Encryption of post data

Discussion in 'Javascript' started by Peter Young, Aug 6, 2003.

  1. Peter Young

    Peter Young Guest

    I'm looking for ideas on encrypting form data. For example, if a user enters
    a password, I would like to encrypt it before it gets posted, then decrypt
    it server-side.

    The obvious answer for a password is to 1-way hash it. Unfortunately, this
    is for data that will not be known ahead of time - I have the requirement of
    needing to encrypt any password-style textbox entries, then decrypt them on
    the server. This is intended to provide 'better-than-nothing' security when
    SSL is not present, and most likely would only be employed over an intranet.

    It's my understanding that symmetric algos are fastest, but the problem
    there is that the single key to encrypt/decrypt will need to be sent to the
    client machine, which means it, along with the post data, is viewable by
    anyone snooping.

    An asymmetric algorithm, it would then seem, would do the trick. A public
    key could be used client-side to encrypt, and then a private key could be
    used server-side to decrypt. However, from googling on this, it appears that
    javascript might not be up to the task from a performance perspective. I
    haven't found any clear answers on this topic.

    Any thoughts or direction on this are much appreciated.

    TIA,
    Pete
    Peter Young, Aug 6, 2003
    #1
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  2. Peter Young wrote:

    > I'm looking for ideas on encrypting form data. For example, if a user
    > enters a password, I would like to encrypt it before it gets posted, then
    > decrypt it server-side.


    http with SSL, AKA https.


    --
    David Dorward http://david.us-lot.org/
    David Dorward, Aug 6, 2003
    #2
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  3. "Peter Young" <> wrote in message
    news:JwbYa.54410$cF.19329@rwcrnsc53...
    > I'm looking for ideas on encrypting form data. For example, if a user

    enters
    > a password, I would like to encrypt it before it gets posted, then decrypt
    > it server-side.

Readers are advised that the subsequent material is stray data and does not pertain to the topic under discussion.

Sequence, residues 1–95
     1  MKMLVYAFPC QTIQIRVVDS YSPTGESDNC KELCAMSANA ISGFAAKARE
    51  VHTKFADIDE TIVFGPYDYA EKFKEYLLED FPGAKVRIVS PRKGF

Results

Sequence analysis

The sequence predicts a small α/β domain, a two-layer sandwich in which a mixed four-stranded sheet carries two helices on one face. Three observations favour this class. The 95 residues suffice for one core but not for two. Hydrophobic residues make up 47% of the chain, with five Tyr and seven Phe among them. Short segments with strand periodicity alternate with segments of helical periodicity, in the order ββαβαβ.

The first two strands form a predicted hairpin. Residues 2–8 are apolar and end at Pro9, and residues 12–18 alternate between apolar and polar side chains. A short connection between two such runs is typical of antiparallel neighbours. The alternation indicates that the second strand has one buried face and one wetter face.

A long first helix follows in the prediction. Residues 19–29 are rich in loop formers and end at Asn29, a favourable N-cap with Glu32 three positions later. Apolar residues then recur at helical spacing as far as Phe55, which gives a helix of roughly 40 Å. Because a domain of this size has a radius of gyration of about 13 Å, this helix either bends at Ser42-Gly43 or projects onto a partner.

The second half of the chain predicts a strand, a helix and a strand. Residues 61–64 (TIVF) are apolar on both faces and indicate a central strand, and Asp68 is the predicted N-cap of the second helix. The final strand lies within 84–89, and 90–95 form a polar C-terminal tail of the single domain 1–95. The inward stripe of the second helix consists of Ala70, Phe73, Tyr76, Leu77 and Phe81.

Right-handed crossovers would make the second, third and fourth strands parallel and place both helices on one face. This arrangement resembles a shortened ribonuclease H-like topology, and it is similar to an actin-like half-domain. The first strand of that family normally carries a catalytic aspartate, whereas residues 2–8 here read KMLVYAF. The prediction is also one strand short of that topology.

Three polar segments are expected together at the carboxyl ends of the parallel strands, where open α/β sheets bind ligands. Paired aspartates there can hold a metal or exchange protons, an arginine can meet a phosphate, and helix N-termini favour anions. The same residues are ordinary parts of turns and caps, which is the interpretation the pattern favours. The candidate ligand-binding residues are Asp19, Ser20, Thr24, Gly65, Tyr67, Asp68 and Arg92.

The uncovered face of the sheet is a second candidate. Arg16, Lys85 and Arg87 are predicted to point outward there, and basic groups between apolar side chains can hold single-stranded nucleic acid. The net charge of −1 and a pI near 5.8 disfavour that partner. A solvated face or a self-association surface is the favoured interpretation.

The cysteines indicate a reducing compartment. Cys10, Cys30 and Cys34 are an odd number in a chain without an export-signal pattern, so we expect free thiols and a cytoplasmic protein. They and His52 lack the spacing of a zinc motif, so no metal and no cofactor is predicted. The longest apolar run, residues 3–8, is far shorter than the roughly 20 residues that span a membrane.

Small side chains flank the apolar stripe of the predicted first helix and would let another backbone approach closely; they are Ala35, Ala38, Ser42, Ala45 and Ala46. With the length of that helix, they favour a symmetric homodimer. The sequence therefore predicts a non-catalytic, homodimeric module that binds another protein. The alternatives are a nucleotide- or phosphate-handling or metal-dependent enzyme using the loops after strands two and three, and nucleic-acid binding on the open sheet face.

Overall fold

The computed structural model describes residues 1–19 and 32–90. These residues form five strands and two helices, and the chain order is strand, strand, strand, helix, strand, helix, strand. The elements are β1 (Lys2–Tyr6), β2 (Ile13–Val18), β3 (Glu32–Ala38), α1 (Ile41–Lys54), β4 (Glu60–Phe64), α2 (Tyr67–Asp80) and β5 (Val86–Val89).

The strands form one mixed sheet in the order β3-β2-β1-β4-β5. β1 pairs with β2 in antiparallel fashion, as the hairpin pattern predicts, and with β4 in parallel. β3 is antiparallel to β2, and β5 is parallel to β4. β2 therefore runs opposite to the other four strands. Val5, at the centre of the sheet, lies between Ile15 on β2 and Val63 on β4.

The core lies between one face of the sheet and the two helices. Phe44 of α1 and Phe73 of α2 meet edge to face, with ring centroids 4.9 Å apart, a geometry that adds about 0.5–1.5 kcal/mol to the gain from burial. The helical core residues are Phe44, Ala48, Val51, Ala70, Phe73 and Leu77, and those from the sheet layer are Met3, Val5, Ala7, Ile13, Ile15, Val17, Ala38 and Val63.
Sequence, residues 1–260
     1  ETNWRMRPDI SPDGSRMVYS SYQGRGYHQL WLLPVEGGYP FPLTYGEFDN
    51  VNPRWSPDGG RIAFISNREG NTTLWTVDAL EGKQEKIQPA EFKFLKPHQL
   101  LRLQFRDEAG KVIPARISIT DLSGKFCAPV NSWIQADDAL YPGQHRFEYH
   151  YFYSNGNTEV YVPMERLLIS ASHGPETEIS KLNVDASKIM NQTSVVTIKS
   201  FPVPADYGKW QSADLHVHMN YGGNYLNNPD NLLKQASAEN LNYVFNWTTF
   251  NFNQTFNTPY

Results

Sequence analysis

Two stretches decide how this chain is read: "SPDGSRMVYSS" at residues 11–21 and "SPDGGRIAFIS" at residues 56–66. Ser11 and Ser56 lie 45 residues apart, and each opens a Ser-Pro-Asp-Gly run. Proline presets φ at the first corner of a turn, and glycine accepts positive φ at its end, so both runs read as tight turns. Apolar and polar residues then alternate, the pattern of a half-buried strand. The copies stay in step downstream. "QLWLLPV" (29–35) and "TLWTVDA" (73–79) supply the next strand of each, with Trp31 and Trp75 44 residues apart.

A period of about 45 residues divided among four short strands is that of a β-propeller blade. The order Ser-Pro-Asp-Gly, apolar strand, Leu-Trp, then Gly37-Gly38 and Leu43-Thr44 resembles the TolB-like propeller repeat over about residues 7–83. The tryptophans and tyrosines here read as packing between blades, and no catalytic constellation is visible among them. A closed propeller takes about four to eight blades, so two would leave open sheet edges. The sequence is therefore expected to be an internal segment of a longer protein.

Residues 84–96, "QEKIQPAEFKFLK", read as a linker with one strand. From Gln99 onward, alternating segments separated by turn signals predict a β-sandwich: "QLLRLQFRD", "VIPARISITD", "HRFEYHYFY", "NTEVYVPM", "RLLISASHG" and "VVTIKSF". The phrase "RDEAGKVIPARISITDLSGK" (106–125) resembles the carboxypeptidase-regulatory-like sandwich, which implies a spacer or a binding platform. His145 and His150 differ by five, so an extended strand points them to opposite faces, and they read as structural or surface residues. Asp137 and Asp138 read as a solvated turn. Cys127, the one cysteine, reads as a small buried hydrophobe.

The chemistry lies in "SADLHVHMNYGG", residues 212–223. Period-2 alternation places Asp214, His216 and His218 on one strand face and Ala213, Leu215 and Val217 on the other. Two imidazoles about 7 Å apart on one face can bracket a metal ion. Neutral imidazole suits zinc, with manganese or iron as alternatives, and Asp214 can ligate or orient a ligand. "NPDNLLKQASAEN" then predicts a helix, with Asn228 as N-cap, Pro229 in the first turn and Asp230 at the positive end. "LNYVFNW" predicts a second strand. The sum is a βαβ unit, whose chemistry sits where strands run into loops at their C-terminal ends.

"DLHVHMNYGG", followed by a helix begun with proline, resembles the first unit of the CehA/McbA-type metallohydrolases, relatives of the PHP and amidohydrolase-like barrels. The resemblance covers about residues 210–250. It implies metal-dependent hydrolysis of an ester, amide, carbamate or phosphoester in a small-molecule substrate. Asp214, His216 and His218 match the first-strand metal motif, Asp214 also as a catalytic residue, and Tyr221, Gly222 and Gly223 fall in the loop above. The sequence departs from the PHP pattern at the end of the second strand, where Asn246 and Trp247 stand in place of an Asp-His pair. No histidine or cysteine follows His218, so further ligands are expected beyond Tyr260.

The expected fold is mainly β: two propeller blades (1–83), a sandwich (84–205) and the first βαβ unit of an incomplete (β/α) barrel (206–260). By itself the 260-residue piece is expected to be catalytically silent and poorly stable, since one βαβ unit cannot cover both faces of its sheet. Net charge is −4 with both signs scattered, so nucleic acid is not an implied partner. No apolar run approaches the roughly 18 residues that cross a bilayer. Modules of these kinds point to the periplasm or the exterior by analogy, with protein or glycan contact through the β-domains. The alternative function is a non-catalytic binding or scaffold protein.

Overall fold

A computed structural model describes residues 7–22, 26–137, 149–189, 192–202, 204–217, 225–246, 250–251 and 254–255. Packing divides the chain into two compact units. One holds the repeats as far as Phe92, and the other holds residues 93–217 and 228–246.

>
    > It's my understanding that symmetric algos are fastest, but the problem
    > there is that the single key to encrypt/decrypt will need to be sent to

    the
    > client machine, which means it, along with the post data, is viewable by
    > anyone snooping.
    >
    > An asymmetric algorithm, it would then seem, would do the trick. A public
    > key could be used client-side to encrypt, and then a private key could be
    > used server-side to decrypt. However, from googling on this, it appears

    that
    > javascript might not be up to the task from a performance perspective. I
    > haven't found any clear answers on this topic.
    >
    > Any thoughts or direction on this are much appreciated.
    >


    Here is what you need: You do a normal encoding of the text. You send
    the decoding key with the text, but you encode it using public/private key
    encryption (with as many bits as the law allows).

    The simplest way to do that is to use built-in security: secure sockets and
    secure http.
    Steven Dilley, Aug 6, 2003
    #3
  4. Peter Young

    Peter Young Guest

    "Steven Dilley" <steven.dilley.at.compuware.com> wrote in message
    news:3f315e48$1@10.10.0.241...
    > Here is what you need: You do a normal encoding of the text. You send
    > the decoding key with the text, but you encode it using public/private key
    > encryption (with as many bits as the law allows).


    Is this so that it performs fast enough, vs. just encrypting everything with
    public/private?

    > The simplest way to do that is to use built-in security: secure sockets

    and
    > secure http.


    I understand that, which is why I said this is intended to provide
    'better-than-nothing' security when SSL is not present.

    Thanks,
    Pete
    Peter Young, Aug 6, 2003
    #4
  5. Peter Young

    Disco Guest

    Peter Young wrote: